A whole range of influences can be heard in the daily conversations in Vinkovci – from Šokača ikavica, Turkish and German loanwords, to a multitude of specific localisms. For example, someone here tells you to go to budica. Budica is a local term for newsagents. One unusual, but typical verb used in Vinkovci is widely known – if you find young people sitting on the benches in the park, for example, and ask them what they are doing, they will probably answer: Nothing, lapimo. (It means the same as hlapimo (evaporate), but with the letter h at the beginning of the word being silent in typical Šokci style.) Lapiti expresses passive rebellion of young people, typical for Vinkovci, which means we are idling, doing nothing, as if to spite the traditional image of the diligent and hardworking Slavonian man.
The expression De, dobro je (It’s OK) is a bit more difficult to explain. It is a way for the people of Vinkovci to make you to stop talking – de, dobro je also means that they don’t want to listen or discuss something anymore. It means they don’t believe you completely. They might even be a little angry. So, paradoxically, it is not very good, but the discussion is over.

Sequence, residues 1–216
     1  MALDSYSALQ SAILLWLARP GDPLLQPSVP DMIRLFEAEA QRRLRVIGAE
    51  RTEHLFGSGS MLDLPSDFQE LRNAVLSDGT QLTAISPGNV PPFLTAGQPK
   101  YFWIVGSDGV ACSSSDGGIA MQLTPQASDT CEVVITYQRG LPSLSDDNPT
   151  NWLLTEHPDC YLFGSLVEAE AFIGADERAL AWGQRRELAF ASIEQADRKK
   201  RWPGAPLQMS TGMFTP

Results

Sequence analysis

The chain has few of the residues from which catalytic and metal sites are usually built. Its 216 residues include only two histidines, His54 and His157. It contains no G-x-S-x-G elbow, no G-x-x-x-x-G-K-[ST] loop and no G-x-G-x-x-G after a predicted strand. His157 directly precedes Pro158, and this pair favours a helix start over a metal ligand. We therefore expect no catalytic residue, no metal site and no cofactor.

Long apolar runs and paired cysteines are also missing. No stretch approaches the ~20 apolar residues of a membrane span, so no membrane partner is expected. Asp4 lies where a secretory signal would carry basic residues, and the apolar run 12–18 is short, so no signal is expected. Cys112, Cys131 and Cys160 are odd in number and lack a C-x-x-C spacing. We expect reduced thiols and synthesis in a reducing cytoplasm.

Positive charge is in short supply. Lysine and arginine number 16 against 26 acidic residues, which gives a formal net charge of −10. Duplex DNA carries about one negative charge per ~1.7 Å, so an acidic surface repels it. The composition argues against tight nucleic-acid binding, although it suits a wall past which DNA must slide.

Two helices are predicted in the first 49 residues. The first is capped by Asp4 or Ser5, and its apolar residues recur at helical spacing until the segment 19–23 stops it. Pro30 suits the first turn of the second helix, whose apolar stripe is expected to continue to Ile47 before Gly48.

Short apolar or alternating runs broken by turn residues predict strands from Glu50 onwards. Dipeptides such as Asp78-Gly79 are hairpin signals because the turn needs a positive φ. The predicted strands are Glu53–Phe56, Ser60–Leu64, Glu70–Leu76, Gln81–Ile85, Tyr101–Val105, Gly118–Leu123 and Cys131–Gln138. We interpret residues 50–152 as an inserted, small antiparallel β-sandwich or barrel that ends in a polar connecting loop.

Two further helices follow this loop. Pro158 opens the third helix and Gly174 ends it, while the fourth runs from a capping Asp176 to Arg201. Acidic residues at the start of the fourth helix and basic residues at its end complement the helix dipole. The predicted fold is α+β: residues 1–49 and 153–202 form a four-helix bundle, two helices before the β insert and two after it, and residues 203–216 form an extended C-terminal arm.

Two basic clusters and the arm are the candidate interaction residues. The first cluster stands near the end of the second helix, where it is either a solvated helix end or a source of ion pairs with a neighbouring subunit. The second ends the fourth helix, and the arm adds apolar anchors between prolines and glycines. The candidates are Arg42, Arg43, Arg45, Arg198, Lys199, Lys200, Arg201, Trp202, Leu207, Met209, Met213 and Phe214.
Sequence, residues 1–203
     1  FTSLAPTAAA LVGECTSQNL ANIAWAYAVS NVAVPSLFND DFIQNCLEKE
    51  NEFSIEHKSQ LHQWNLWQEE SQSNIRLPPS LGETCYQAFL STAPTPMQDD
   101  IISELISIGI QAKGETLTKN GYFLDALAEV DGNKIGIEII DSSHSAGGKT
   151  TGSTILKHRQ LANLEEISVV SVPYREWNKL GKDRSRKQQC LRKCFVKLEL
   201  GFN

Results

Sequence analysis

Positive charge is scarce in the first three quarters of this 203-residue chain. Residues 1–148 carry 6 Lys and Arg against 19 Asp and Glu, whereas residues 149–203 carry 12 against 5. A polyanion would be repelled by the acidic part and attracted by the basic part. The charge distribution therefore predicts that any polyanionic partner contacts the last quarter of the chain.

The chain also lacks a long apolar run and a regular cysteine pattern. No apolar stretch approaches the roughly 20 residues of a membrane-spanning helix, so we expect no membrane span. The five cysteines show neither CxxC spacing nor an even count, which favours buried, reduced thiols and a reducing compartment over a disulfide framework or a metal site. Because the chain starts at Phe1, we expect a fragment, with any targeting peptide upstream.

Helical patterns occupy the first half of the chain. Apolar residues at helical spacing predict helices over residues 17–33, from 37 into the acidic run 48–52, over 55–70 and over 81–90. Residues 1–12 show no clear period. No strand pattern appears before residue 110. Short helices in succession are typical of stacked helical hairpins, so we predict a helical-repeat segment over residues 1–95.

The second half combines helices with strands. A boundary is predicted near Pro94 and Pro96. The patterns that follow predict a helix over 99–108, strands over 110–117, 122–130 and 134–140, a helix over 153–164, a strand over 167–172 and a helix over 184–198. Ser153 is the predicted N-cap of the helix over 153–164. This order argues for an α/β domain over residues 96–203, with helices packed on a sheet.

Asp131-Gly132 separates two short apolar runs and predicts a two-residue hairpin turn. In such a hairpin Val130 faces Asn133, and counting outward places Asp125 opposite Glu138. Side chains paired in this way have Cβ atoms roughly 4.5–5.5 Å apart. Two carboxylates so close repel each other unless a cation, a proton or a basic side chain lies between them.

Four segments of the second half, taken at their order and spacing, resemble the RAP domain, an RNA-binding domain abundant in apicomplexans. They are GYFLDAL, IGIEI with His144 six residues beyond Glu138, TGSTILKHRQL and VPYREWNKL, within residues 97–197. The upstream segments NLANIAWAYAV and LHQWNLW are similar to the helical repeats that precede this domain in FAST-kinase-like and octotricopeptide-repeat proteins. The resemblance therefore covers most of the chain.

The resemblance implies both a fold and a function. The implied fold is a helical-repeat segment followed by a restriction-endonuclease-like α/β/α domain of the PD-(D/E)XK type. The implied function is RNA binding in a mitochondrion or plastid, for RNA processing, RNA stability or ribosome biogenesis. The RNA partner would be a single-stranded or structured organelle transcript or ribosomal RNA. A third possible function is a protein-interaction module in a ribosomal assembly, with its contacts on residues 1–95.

You may have noticed that there is a red telephone box in the park in the town centre, the kind you may know from English movies? It is a telephone box that all the inhabitants of Vinkovci feel as their own, and it is a gift from an Englishman (his name is Steve Gaunt) who came here to fight in the Homeland War. Then he stayed and became an inhabitant of Vinkovci, and the telephone box became ours.